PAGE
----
Yoshio “Sonny” Takami

Yoshio “Sonny” Takami served as the head of the Nyssa camp police, a volunteer squad of eight men. He was one of several camp residents from the Yakima Valley in Washington, which had a significant Nikkei community prior to the war. Many families from that valley, including the Fukiages, Hirais, Matsuis, Nishis, and Sakamotos, came to eastern Oregon having previously worked in agriculture.

Editor’s note: This is the second story in a series looking at the “Uprooted” art exhibit, which will be unveiled at the Four Rivers Cultural Center Sept. 12.

ONTARIO—A traveling photography exhibit on its way to the Western Treasure Valley tells more than just the story of local internment camps during World War II.

For many, “Uprooted: Japanese-American Farm Labor Camps during World War II” tells a family history. The Takami family spent nearly two decades at the Nyssa labor camp.

The family patriarch, Yoshio “Sonny” Takami was the security police officer at the Nyssa camp, and he wouldn’t leave his fellow Japanese-Americans behind. Instead, his family stayed at the camp for many years after the camps were dissolved.

His daughter, Janet Takami Koda from Vale, lived at the camp until she was in the fifth grade. She has many memories of the place and can easily recall the stories she heard about how her family ended up there.

Those stories didn’t come from her family, however — at least, not at first.

“My parents never talked about [their experiences] at all,” she said.

She found out much of their story when President Ronald Reagan allotted reparation money to surviving internees through the Civil Liberties Act of 1988.

“When I brought paperwork home to sign, Mom [Mary] said, ‘You know you’re making me remember things I want to forget,’” Koda recalled.

Before President Franklin Roosevelt signed Executive Order 9066, forcing the internment of 120,000 Japanese-Americans, racial tensions had been heating up across the country.

“My mother said there was talk about Japan declaring war on the United States, and people were getting agitated. She came from the Gresham area near Portland and would go to town riding the bus. They would stop and ask about her ethnicity and said she couldn’t ride the bus,” Koda said.

Around the age of 19, her mother was told she could no longer attend the fashion university where she had been going to school. Many of Koda’s uncles, who went to Oregon State University, were asked to leave the college.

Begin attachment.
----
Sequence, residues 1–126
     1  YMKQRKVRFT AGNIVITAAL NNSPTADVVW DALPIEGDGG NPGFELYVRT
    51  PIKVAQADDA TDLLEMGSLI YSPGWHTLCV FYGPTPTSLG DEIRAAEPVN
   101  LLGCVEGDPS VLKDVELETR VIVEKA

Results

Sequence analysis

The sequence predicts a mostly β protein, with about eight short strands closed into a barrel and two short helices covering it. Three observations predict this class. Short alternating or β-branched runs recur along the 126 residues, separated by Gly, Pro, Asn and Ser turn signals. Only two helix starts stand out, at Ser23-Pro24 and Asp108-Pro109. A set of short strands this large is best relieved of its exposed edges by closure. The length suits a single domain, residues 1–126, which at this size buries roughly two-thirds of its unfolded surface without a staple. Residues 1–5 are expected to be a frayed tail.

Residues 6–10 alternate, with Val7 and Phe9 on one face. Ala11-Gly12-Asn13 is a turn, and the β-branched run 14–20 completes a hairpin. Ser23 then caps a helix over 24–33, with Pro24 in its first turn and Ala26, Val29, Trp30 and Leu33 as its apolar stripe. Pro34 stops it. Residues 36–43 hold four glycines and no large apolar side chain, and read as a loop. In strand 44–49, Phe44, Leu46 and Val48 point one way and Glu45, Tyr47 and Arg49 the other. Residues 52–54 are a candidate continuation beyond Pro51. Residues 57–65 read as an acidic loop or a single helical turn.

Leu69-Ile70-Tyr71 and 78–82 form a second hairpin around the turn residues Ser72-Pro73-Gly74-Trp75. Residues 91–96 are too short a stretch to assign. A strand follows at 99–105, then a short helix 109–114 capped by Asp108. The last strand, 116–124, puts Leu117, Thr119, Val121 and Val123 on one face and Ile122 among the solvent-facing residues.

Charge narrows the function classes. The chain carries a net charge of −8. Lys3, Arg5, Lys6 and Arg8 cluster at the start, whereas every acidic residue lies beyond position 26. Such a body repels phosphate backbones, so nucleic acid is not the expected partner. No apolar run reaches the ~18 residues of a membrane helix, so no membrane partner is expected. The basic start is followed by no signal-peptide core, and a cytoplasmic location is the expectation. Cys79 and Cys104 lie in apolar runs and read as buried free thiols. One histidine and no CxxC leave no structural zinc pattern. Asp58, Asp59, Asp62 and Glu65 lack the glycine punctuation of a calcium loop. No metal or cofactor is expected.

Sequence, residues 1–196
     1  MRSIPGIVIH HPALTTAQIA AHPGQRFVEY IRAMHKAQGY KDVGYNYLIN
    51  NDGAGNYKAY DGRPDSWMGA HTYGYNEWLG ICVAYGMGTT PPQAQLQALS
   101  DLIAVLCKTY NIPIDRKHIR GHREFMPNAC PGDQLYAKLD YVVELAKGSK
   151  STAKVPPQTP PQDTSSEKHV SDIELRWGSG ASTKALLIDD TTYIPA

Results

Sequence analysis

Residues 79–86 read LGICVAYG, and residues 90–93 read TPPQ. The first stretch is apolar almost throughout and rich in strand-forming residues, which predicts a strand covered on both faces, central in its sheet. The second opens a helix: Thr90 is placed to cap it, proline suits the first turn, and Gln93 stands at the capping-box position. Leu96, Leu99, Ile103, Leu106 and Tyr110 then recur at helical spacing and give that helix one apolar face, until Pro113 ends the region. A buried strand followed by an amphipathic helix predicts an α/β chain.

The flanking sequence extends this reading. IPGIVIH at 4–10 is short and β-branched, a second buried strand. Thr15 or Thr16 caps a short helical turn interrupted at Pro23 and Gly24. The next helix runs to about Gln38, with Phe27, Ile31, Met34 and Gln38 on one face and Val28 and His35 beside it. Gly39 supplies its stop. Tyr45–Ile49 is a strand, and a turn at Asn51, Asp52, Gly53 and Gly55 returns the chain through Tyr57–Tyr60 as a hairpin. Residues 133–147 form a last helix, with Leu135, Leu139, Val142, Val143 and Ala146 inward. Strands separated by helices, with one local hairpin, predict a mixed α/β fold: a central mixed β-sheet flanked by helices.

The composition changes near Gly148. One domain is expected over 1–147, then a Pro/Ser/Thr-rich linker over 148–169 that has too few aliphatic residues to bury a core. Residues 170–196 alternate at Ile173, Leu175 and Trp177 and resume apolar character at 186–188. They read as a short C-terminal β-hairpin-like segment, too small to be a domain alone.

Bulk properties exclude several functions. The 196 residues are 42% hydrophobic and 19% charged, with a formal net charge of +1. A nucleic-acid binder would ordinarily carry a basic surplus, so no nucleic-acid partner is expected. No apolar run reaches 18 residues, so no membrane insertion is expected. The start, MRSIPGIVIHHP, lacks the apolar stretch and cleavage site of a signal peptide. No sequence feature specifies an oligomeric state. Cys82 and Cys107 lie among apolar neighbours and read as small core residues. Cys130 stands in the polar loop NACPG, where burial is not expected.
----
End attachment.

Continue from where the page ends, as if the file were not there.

In the Yakima Valley, in Washington, Koda’s father’s family was in the middle of harvesting winter crops when the war broke out.

“When the order happened, they had to pack up and leave. Grandpa gave the family cow, car and horse to a German neighbor,” Koda said.

The neighbor had always been helpful to their family and had shown Koda’s grandmother how to use flour when she first arrived in America at the age of 16.

From there, they were taken to the Portland National Stockyard, Koda’s said. Eventually, her mother’s family ended up there, too.

“When the trucks with camo came in, people were told they could only take what they could carry. Mom said there were people lined up in the driveway honking their horns and saying, ‘Hurry up and get our of our house,’” Koda said.

“Their family of 10 was given a horse stall for a room. They didn’t even clean it out. They laid down cardboard and hung up sheets for privacy,” Koda said of her mother’s introduction to internment.

When 30 men were brought in from the assembly center in Portland to talk about working for Amalgamated Sugar, Koda’s father jumped at the opportunity to leave the stockyard behind.

Despite protests from his family, Takami left, saying it would be better than walking in circles in a horse stall all day long, she said. He ended up in a tent camp near Garrison Corner so he could help harvest sugar beets.

Koda’s mother eventually ended up at the Nyssa camp, too. That is where her parents met, Koda said.

In Nyssa, things were different than they had been in Portland. There were some improvements living there versus daily life in the city.

“Mom said in their Portland neighborhood they had to use a kerosene light. So the first time she had electricity was in the camp,” Koda said.

When German soldiers were removed from the old concentration camp, Japanese-American families were moved into barrack-like houses. American soldiers brought in pot-belly stoves, a piano for the mess hall and washing machines for the washhouse. They even had a theater trip once a week in Nyssa, a ladies club, and arts and crafts, which helped people occupy their free time, Koda said.

The camps were dissolved Dec. 18, 1944, after which time many interned families had nowhere else to go. Koda’s father would not leave the camp until he knew everyone finally had a place to go — a full 18 years later.

Takami was a crew boss and had no problem getting continued farm labor work. He eventually worked at the Onion and Potato Broker in Nyssa and the Muir-Robert Produce Co. in Vale.

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